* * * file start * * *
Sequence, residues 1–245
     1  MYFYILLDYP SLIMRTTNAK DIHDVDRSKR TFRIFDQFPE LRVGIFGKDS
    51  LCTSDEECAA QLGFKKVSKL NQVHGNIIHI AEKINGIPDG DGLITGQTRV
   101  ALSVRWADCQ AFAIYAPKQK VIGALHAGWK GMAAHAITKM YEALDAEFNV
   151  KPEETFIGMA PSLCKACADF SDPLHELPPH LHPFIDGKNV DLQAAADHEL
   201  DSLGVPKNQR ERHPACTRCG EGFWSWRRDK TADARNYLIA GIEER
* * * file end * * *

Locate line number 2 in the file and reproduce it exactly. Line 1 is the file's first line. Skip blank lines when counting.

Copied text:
     1  MYFYILLDYP SLIMRTTNAK DIHDVDRSKR TFRIFDQFPE LRVGIFGKDS